BLUE SKY, WHITE PEAKS AND GREEN HILLS
And audience with Her Majesty the Royal Grandmother of Bhutan

Wong How Man
Paro, Bhutan

Royal Grand Mother, her sister Tashi and nephew Dasho Benji, with How Man at Her Royal Palace. “That is a very auspicious sign,” said Lama Neten with a sliver of smile, finally. It seemed at last we had broken the ice as he looked very serious and solemn when I first met him the night before, at a home down the hill.

 

Though only 49 years of age, his demeanor was like that of an old teacher. After all, he is the abbot of a monastery with 120 monks, most of them boys. And they reside in this monumental castle of Gasa Dzong, the seat of one of the twenty Dzongkhags (Districts) of Bhutan and the northernmost, largest and highest of all the Districts. Below him, but above him in elevation, he controls another twenty smaller sub-monasteries, most sitting at dizzying height of the plateau bordering Tibet.

Neten Lama of Gasa Dzong. The architecture of Gasa Dzong, one of the oldest of the Dzongs dates from the mid 17th Century, with an impressive edifice rising above the surrounding forest at a spur, with a majestic snow range as backdrop. It looks out to yet another range of snow peaks, one of which rose like a monument of ice sculpture. I chose to come to Gasa based on a study of the satellite images just a few days ago when I was in Bangkok. The images showed that the area has an abundance of glaciers on the southern slope of the Himalayas, with high pastures among which I could expect to find yak herders roaming. I changed my entire itinerary of travels overnight, and landed in Bhutan heading straight to Gasa.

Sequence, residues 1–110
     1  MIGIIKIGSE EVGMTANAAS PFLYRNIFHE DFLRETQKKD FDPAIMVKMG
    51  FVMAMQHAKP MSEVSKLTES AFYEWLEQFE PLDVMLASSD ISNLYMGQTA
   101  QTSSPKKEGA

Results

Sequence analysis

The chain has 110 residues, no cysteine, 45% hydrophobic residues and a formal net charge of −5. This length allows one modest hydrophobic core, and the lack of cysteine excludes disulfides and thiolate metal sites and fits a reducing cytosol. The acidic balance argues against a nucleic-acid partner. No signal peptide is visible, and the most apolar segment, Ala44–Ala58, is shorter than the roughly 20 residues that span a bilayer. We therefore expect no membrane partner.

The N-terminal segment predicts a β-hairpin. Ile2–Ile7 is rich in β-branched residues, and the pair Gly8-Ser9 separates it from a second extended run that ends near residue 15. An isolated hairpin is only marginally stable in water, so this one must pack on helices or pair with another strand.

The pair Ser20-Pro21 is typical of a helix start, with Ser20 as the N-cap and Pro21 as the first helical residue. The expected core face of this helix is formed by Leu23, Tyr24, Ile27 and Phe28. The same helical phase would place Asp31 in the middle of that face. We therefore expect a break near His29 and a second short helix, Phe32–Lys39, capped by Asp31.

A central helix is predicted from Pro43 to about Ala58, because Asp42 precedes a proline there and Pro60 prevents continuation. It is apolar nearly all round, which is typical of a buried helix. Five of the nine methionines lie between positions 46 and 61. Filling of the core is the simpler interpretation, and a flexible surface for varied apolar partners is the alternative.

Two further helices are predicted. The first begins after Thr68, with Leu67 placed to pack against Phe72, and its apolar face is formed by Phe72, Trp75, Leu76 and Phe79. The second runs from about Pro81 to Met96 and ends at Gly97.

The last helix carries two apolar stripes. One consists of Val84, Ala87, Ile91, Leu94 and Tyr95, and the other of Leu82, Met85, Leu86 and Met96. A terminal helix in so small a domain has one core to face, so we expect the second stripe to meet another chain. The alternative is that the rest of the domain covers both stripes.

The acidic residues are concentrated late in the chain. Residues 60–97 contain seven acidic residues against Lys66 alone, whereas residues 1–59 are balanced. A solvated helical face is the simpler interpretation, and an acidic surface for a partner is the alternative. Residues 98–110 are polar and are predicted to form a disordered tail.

Monks of Gasa Dzong. As I arrived at the monastery, I recounted to Lama Neten that I ran into three stag deer on my approach to the monastery, running off to two sides of the road as if making way for me. I even captured in pictures one of the deer, a huge stag with a set of large anthers, looking at me from behind the trees. Lama Neten seemed surprised by my account, and mentioned that they usually only see the deer at night, almost never during day time.

Through Yeshi, our guide/interpreter who is an avid birdwatcher, the Lama related my encounter to a Buddhist story of the Tibetan saint Milarepa. While in meditative retreat, Milarepa was approached by a frightened stag deer being chased by a hunter and his dog. He managed to pacify both the dog and the hunter with compassion, and the deer was saved. This episode became an often-told story within Tibetan Buddhism.